Q & A with Nicole Curtis of 'Rehab Addict'

Nicole Curtis (photo courtesy of DIY Network)

In the Case Ave house, a little-used porch, at top, becomes a great place for a breezy breakfast or supper. The “car siding” that adds such a warm tone to the space is now reflected by the restored plank flooring. (photos courtesy of Ariel Photography)

In the bathroom of the Case Ave house, Curtis used a couple new fixtures with old-time style, but kept the lovely claw-foot tub. To make the tub useful as a shower, it was easy to add a shower spray and curtain, but the team also had to make the wall alongside the tub waterproof. The glazed subway tile Curtis chose looks like it’s been there since the 1880s. (photos courtesy of Ariel Photography)

TV host talks about her latest project and popular show

Minneapolis resident Nicole Curtis, host of the popular show “Rehab Addict” on the DIY Network, recently focused her trained eye and experienced hands on a 124-year-old East Side home. At first glance, most folks would have said the place was ready for the wrecking ball, but Curtis saw a gem underneath the household debris, stained carpets, peeling paint and water-damaged ceilings.

This spring viewers have been watching Curtis and her crew patch and paint walls, repair windows and doors, refinish hardwood floors, remodel the bathroom and kitchen, and spruce up the exterior, all the while making sure to retain the home’s original features and vintage charm.

The final episode will be airing Thursday, April 11, at 10 p.m.

We asked Curtis about the 381 Case Ave. renovation project, her career and her home-improvement show. Here’s what she told us:

Q: Did you have a vision for what the Case Avenue house would look like once it was finished?

A: Yes and no. I walked in and saw the “after” which was beautiful hardwood floors, sun shining through the stained glass windows and an overall happy feeling.  However, once I took off the rose-colored glasses, the work had to begin and it was not easy. I spent a week alone doing the layout of the living room. I had a specific couch in my mind and couldn’t find it, so I made it out of a $100 Craigslist find. The best part for me is the mirror. I framed some of my grandfather’s pictures from World War II.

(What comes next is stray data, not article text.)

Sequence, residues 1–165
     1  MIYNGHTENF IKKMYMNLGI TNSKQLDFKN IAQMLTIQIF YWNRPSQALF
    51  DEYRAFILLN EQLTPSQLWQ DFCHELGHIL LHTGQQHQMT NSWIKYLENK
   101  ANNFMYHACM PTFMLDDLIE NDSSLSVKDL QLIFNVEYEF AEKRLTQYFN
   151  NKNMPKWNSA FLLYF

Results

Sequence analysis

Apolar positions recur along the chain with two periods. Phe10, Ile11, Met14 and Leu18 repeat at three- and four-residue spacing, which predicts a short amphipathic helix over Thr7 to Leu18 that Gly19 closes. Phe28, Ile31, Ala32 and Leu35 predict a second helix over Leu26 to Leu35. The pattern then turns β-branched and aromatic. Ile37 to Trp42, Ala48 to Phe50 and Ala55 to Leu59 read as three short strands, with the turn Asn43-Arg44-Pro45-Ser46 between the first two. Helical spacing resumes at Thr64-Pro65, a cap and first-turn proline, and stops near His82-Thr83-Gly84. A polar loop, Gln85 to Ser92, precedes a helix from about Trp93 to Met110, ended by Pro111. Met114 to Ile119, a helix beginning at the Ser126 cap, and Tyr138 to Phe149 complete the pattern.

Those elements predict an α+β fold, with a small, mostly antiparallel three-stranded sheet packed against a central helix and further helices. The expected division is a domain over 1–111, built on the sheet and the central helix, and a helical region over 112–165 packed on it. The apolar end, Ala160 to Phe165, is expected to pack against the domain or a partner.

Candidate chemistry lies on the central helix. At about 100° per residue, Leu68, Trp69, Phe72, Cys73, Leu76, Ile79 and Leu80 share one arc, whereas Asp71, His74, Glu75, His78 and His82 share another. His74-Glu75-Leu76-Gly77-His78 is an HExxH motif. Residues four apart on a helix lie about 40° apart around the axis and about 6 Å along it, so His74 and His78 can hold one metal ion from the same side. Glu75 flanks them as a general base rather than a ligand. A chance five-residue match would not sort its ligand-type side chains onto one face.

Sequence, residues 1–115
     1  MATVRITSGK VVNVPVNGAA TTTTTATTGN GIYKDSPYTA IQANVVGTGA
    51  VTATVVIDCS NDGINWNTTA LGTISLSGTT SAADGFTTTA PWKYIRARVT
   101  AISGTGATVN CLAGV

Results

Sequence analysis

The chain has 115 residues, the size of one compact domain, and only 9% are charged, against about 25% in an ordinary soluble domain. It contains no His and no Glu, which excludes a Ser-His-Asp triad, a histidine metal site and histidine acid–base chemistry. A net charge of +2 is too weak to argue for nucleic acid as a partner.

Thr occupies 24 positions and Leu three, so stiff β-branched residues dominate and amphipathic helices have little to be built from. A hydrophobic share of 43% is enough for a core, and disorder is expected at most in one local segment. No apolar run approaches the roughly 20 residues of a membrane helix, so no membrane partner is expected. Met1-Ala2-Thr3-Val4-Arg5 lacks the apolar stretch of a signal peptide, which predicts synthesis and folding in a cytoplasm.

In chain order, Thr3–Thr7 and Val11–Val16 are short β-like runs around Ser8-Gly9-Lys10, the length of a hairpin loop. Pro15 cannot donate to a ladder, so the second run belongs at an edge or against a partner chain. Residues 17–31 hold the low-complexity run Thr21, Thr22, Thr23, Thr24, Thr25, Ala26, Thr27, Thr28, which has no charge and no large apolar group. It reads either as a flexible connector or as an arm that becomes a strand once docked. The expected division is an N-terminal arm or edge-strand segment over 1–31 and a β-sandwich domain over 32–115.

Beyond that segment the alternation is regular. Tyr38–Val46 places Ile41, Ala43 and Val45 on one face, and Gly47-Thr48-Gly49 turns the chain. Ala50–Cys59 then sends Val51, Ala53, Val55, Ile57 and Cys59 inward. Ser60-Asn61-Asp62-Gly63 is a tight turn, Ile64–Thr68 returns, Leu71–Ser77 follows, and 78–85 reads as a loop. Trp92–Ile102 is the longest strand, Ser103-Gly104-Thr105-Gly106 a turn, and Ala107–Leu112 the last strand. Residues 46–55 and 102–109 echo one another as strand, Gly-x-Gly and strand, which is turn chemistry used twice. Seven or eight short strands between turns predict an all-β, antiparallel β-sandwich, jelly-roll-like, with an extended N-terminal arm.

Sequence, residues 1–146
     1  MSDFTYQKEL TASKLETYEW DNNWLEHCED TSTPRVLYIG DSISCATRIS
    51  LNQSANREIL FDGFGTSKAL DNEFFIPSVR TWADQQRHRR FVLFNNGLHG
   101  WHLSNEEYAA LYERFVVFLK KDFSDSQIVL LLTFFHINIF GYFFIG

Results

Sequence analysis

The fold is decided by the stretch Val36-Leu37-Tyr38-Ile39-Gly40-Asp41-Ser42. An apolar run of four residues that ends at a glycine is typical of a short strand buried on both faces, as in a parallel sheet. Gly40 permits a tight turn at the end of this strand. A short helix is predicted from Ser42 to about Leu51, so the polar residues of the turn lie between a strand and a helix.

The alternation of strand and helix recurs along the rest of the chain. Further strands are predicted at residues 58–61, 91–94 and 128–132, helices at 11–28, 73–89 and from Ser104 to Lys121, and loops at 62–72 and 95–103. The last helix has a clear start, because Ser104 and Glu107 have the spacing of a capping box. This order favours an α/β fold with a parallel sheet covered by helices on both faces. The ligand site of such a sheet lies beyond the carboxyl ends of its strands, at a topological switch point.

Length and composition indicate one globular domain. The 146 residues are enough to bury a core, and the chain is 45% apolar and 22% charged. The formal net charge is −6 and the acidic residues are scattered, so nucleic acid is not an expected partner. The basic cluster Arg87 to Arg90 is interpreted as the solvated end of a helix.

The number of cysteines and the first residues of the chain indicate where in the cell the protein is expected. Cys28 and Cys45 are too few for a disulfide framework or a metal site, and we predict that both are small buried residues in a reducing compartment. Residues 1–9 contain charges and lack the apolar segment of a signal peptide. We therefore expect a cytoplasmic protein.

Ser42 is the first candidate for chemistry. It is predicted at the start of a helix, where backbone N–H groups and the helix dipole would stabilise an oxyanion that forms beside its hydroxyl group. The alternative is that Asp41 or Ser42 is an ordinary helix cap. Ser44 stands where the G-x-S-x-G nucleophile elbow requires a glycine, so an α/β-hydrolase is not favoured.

Q: Did the final results meet your expectations?

A: This house blows me away. It truly is the best yet. I can’t really explain why, but I feel that everything is just perfect.
Q: Were there any surprises on this project?

A: There are always surprises.  Fifteen years of experience has led me to a very calm reaction to every disaster. I just throw my hands into the air and say, “Well, this is fun! Let’s fix it and keep moving!”
Q: How did you decide what to leave intact, discard or reuse at the Case Avenue house?

A: For me, it is a very simple process. We can fix anything original to the home, so everything there would remain: broken floors, broken windows, broken spirit. Fix, fix, fix.  I don’t believe that anything is ever too far gone.
Q: What’s your favorite feature of the Case Avenue house?

A: The little tiny window in the upstairs bathroom. I used a .25-cent piece of Salvation Army fabric and made a curtain. The window is cute, petite and was a wreck at first, but now it is the focal point when you glance into that room.
Q: How much did you spend on the project, and how much did you increase the home’s value?

A:  Too much, as always. However, the home will close for around $140,000.00. It’s previous market value was around $15,000.
Q: How did you gain knowledge about home renovation? It’s traditionally a man’s world; has that been a hindrance at times?

A:  I watched my mom do everything right alongside my dad, so I had no idea growing up that it was a “Man’s World.”  My mom still comes out and works with us. I think she would get a laugh out of that one.